As a devotee of hot and spicy Thai food I am in my element. I often wonder how many people come to the surgeons of Thailand expecting a miracle transformation in their lives.
In the case of S.R.S. candidates, they may realise that S.R.S. was not really the miracle they had expected, but as Dr. Pichet says, "I am not a God".
No matter the procedure, miracles can never be guaranteed, but I am more than happy, and in the months to come I look forward to a new head of hair that I can truly call my own.
Polare Magazine is published quarterly in Australia by The Gender Centre Inc. which is funded by the Department of Family & Community Services under the S.A.A.P. program and supported by the N.S.W. Health Department through the AIDS and Infectious Diseases Branch. Polare provides a forum for discussion and debate on gender issues. Unsolicited contributions are welcome, the editor reserves the right to edit such contributions without notification. Any submission which appears in Polare may be published on our internet site. Opinions expressed in this publication do not necessarily reflect those of the Editor, The Gender Centre Inc., the Department of Family & Community Services or the N.S.W. Department of Health.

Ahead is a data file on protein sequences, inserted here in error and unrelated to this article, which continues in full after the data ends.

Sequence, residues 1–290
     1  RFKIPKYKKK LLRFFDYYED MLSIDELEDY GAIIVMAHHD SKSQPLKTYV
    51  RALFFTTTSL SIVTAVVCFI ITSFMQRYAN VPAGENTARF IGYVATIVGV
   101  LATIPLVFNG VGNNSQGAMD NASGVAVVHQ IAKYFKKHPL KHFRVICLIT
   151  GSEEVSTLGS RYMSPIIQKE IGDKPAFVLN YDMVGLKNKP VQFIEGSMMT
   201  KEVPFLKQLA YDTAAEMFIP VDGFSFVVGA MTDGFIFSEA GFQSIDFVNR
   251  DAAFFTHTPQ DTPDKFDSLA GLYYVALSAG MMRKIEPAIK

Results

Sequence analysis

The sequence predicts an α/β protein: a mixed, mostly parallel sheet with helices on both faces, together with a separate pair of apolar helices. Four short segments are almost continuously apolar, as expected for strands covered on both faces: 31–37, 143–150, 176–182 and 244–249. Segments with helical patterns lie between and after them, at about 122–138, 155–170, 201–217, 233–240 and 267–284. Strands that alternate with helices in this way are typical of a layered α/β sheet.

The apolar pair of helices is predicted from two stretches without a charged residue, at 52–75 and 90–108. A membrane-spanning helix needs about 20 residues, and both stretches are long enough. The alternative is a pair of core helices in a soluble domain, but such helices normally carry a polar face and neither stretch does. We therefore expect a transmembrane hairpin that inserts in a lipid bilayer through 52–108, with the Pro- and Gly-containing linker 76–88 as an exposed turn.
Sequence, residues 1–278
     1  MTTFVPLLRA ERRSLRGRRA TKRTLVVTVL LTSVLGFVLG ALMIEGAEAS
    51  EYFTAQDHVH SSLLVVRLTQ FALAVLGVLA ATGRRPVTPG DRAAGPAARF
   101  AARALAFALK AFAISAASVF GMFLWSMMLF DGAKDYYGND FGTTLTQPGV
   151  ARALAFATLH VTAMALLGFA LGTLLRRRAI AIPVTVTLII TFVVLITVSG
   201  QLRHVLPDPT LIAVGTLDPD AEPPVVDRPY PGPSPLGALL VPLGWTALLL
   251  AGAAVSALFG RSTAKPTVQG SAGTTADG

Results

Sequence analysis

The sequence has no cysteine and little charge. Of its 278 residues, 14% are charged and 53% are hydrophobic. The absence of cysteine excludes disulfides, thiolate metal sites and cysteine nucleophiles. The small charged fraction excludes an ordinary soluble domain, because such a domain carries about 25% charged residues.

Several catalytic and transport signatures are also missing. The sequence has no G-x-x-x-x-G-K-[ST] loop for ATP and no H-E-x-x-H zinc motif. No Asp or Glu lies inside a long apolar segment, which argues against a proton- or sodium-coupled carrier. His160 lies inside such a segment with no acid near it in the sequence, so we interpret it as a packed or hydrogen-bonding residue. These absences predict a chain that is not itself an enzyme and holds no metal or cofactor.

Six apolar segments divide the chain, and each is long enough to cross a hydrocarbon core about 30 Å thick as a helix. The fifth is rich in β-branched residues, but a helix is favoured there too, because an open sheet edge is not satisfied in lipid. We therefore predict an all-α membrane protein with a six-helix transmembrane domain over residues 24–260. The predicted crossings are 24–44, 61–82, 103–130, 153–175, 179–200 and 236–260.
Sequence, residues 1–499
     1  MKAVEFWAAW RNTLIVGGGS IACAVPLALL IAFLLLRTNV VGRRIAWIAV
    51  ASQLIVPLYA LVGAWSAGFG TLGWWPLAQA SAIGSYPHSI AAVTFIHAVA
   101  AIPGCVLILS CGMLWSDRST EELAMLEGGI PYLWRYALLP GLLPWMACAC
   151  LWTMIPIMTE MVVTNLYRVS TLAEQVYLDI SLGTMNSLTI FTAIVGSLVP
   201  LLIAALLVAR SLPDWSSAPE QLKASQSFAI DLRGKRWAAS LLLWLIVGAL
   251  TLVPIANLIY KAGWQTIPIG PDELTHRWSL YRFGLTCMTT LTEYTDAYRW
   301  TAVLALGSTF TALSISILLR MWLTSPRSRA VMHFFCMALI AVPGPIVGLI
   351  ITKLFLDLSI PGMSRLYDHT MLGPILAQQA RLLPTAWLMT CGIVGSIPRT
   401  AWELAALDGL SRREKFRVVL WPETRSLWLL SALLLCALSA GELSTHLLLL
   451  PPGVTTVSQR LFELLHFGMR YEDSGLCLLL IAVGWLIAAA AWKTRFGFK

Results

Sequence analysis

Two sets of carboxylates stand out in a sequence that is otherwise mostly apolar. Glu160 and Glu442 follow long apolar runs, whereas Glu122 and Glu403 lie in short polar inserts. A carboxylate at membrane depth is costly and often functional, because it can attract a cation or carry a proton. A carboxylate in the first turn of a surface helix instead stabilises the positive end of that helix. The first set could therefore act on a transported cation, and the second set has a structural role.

The Gender Centre is committed to developing and providing services and activities, which enhance the ability of people with gender issues to make informed choices. We offer a wide range of services to people with gender issues, their partners, family members and friends in New South Wales. We are an accommodation service and also act as an education, support, training and referral resource centre to other organisations and service providers. The Gender Centre is committed to educating the public and service providers about the needs of people with gender issues. We specifically aim to provide a high quality service, which acknowledges human rights and ensures respect and confidentiality.